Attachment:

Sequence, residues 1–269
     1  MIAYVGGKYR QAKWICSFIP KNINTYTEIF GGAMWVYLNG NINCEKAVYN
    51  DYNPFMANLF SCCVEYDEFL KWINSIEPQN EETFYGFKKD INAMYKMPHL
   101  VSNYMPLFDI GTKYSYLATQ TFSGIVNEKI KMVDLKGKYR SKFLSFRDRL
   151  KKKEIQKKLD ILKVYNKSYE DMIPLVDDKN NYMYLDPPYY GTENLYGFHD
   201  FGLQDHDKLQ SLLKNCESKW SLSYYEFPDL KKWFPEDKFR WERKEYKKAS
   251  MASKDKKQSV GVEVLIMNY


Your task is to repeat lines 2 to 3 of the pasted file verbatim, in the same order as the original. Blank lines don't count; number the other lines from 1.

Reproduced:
     1  MIAYVGGKYR QAKWICSFIP KNINTYTEIF GGAMWVYLNG NINCEKAVYN
    51  DYNPFMANLF SCCVEYDEFL KWINSIEPQN EETFYGFKKD INAMYKMPHL